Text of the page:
Assistant Professor of Law
Agnieszka McPeak joined the faculty in fall 2014 and teaches Torts, Ethics, Data Security & Privacy Law and Social Media Discovery. Her research interests involve the impact of new technology, like social media, on civil procedure, ethics, and privacy law.
Before joining the Toledo Law faculty, Professor McPeak was a Westerfield Fellow at Loyola University College of Law in New Orleans, Louisiana. She was admitted to the Louisiana bar in 2007 and practiced for five years with the New Orleans law firm of Stone Pigman Walther Wittmann LLC in the areas of complex commercial litigation, intellectual property law, malpractice, and mass tort litigation. During her time at Stone Pigman, she was selected for inclusion to the 2009 edition of Benchmark Litigation for her work in commercial litigation and has been recognized as a "Rising Star" by Louisiana Super Lawyers magazine.
She received her J.D., magna cum laude, from Tulane University Law School in 2007, where she served as a managing editor of the Tulane Journal of International and Comparative Law, won the 2006-07 Tulane Moot Court Senior ADR Competition, and served as the Administrative Justice for Academic Affairs of the Tulane Moot Court Board. Upon graduation, she received the Brian P. McSherry Award for demonstrating the greatest dedication to the Law School's community service program and the Federal Bar Association, New Orleans Chapter, Award for achieving the greatest distinction in the study of federal law. She received her B.A., with honors, in Literature and in History from University of California, Santa Cruz, in 2001.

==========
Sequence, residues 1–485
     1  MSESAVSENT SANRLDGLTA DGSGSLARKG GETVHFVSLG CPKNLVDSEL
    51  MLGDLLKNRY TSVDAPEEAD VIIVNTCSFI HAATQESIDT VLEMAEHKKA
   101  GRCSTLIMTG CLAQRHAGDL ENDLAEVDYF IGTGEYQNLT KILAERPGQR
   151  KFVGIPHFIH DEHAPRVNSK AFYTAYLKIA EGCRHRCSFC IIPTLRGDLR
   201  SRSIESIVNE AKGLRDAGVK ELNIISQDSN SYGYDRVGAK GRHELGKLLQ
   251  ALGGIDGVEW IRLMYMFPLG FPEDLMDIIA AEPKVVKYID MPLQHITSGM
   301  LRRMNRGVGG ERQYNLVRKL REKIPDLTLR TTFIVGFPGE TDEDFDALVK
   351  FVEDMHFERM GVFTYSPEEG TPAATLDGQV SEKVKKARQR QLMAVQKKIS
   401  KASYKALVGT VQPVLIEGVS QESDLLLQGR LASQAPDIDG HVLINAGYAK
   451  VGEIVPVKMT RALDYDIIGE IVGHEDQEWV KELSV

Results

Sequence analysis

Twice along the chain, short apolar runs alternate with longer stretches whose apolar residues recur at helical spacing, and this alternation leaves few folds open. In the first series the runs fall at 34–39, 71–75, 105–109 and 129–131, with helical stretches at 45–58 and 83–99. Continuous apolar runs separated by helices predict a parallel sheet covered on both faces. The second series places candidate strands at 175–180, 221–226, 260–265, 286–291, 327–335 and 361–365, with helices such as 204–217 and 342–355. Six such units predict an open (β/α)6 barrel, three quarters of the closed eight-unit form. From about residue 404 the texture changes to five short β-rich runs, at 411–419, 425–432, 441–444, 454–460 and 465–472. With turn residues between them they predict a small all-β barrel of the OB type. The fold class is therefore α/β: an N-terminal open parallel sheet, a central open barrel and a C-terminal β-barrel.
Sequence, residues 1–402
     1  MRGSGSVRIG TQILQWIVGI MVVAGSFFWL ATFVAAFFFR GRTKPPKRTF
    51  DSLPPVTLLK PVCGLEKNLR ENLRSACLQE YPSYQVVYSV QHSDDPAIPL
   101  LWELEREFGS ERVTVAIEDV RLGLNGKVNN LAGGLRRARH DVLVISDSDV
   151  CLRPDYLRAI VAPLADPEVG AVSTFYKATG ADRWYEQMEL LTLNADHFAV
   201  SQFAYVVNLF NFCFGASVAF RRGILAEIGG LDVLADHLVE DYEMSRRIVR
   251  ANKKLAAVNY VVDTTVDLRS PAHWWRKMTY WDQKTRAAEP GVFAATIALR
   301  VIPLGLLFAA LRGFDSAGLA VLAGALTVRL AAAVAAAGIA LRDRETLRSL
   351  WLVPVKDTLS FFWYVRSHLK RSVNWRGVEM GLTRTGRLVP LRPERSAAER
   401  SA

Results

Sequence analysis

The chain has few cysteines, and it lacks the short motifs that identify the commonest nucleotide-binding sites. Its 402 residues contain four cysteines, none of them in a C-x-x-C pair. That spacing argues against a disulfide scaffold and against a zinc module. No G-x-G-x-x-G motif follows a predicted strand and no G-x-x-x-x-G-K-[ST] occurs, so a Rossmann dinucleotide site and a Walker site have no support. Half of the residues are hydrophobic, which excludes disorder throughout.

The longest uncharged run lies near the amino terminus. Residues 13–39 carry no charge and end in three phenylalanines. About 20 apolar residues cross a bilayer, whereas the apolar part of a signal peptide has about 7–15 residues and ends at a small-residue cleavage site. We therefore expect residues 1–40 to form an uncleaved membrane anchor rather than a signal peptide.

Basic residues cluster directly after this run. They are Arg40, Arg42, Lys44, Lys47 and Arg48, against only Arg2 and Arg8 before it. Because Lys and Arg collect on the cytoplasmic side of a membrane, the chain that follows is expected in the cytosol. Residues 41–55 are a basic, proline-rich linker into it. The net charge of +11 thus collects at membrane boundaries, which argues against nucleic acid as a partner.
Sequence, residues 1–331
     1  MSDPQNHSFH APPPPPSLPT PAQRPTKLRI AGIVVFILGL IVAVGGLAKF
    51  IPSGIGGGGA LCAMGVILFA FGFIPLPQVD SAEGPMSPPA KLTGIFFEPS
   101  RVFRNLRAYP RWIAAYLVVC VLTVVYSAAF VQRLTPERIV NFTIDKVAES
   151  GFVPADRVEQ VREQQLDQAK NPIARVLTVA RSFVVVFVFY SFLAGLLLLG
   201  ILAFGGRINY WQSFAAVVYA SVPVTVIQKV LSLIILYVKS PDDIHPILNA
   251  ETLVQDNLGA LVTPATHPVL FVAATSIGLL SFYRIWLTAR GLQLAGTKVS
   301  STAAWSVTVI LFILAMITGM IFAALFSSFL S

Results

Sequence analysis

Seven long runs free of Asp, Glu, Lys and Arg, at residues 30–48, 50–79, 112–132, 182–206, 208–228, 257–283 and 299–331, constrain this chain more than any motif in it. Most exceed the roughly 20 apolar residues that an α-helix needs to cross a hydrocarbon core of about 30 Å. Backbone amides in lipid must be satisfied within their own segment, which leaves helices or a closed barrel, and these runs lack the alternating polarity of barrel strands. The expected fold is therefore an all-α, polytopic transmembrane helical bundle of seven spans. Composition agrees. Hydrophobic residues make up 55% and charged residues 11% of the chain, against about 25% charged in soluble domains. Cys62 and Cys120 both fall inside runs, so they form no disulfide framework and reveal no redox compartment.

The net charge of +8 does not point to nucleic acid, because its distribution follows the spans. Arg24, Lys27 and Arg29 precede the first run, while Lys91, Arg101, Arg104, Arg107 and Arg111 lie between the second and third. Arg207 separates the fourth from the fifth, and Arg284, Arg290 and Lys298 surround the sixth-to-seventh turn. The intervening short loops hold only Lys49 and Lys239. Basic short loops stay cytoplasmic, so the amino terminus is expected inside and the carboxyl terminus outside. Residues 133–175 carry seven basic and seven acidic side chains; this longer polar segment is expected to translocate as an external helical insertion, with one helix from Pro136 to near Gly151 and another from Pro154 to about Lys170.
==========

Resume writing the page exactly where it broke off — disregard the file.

Prior to attending law school, Professor McPeak negotiated translation rights and handled international sales for a computer book publisher in the San Francisco Bay Area.
Social Media Spoliation. (work in progress).
Sharing Tort Liability in the New Sharing Economy, 49 Conn. L. Rev. (2016).
Social Data Discovery and Proportional Privacy, 65.1 Cleveland State L. Rev. (forthcoming 2016).
Social Media, Smartphones, and Proportional Privacy in Civil Discovery, 64 U. Kan. L. Rev. 235 (2015).
Avoiding Misrepresentation in Informal Social Media Discovery, 17 SMU Sci. & Tech. L. Rev. 581 (2015).
Social Media Snooping and Its Ethical Bounds, 46 Ariz. St. L.J. 845, 845 (2014).
The Facebook Digital Footprint: Paving Fair and Consistent Pathways to Civil Discovery of Social Media Data, 48 Wake Forest L. Rev. 887 (2013).